When children returned to school last month, six months had passed since they had seen their teachers and classmates in person. In normal times, they might have greeted one another with a hug or high-five. But they needed other options because of the ongoing COVID-19 pandemic.
Over the summer, this weighed on Claremont School reading teacher Mary Catherine Hillman, who has a 4-year-old daughter and 6-year-old son and taught kindergarten for many years.
“I just started thinking about what school would look like for my own kids and for all the students that I usually see and greet at the door,” she said. “And I knew that it would be different and I was trying to come up with a way to tell a story that might help students know what it will be like when they go back to school.”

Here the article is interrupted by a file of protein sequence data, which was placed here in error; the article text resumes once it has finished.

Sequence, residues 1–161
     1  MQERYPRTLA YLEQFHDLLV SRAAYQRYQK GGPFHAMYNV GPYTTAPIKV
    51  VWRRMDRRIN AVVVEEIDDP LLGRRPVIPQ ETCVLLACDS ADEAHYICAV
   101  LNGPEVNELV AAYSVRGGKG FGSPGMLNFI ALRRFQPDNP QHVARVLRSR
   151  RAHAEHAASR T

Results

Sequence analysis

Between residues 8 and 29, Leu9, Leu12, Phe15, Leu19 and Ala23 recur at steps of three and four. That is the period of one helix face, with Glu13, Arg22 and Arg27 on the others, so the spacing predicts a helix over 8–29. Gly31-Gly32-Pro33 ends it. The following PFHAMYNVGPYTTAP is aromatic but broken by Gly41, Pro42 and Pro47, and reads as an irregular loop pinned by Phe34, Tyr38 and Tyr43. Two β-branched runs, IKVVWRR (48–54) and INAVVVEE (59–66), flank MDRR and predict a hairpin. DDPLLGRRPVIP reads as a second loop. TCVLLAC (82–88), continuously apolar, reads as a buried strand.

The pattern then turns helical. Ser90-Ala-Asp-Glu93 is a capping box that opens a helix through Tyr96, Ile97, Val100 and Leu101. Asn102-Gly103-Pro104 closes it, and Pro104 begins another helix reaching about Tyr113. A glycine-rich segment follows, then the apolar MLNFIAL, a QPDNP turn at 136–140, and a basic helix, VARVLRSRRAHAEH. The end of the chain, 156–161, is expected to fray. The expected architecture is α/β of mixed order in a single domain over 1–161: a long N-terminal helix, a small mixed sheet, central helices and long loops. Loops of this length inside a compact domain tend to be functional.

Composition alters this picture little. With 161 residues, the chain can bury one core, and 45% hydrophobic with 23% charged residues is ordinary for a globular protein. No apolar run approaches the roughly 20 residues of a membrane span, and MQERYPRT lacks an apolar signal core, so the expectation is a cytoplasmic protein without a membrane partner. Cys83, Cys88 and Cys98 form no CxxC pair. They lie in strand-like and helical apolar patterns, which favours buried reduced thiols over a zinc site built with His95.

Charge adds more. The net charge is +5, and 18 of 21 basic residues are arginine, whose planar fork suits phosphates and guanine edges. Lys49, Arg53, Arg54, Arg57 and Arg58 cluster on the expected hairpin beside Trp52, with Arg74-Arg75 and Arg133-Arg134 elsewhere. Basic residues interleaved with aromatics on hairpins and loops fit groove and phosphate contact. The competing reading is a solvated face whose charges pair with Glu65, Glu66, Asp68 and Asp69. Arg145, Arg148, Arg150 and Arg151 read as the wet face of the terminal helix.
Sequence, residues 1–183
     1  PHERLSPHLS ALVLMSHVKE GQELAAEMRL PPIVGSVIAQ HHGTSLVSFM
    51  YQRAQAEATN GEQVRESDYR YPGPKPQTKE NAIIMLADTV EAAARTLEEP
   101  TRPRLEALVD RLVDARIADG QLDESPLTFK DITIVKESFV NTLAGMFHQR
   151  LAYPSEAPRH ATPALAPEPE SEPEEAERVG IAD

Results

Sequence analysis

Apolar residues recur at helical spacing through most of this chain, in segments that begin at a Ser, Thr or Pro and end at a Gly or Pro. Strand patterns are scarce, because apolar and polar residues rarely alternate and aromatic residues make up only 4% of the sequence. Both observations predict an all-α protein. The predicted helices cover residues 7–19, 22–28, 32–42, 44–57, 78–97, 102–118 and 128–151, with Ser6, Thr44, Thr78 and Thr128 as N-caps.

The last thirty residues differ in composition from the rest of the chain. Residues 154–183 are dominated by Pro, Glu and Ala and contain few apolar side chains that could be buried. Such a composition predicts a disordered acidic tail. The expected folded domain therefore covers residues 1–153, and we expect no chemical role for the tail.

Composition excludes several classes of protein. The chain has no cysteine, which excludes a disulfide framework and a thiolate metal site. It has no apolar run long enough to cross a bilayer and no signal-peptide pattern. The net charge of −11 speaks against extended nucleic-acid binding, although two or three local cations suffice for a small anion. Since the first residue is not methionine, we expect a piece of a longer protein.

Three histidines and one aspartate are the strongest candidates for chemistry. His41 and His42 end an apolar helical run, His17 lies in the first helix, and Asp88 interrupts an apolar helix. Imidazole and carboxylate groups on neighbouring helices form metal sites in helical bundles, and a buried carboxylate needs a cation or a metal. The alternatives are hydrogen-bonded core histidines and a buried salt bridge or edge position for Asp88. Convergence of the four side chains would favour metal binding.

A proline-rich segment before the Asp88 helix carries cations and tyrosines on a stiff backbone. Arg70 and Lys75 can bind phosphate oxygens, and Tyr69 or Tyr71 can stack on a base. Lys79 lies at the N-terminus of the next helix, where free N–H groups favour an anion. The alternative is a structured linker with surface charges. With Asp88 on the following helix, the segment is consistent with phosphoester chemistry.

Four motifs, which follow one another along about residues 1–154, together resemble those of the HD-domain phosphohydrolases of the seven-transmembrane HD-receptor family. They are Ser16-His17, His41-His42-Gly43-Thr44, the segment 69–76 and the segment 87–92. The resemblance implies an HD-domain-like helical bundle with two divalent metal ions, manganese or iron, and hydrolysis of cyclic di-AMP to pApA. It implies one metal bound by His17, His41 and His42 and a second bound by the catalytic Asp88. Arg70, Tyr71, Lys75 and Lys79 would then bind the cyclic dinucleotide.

She came up with “But How Will I Say ‘Hello,’” a short book that suggests creative ways of greeting others without physical contact. Park School invited her to read the book – which is in English and Spanish – to incoming pre-kindergarten and kindergarten students on Zoom.
In the book, a young girl arrives at school only to find the chart with options for saying hello to her teacher at the door has some choices blocked out. But there are many ways to greet people safely, she learns, such as elbow and foot taps, salutes, winks, jazz hands, dance moves, and of course, waves.
Ms. Hillman said her brother helped with the book design and production, and she exceeded her Kickstarter fundraising goal, thanks to the generosity of colleagues, family, friends and strangers. Park School dual language teacher and longtime colleague Claudia Lavado translated the book into Spanish.
“With a topic like this at this moment, you won’t find any material in Spanish and I felt like this book could spark conversations,” she said.
For more information about “But How Will I Say ‘Hello,’” visit www.haffandhawfbooks.com.
This book came at the right time for my grandkids who question everything. Timely answers to what to expect when school opens to help calm the uncertainty in their lives right now . Change, a new school year, wearing masks, physical distancing are tough topics the author addresses with clear language and “happy” illustrations.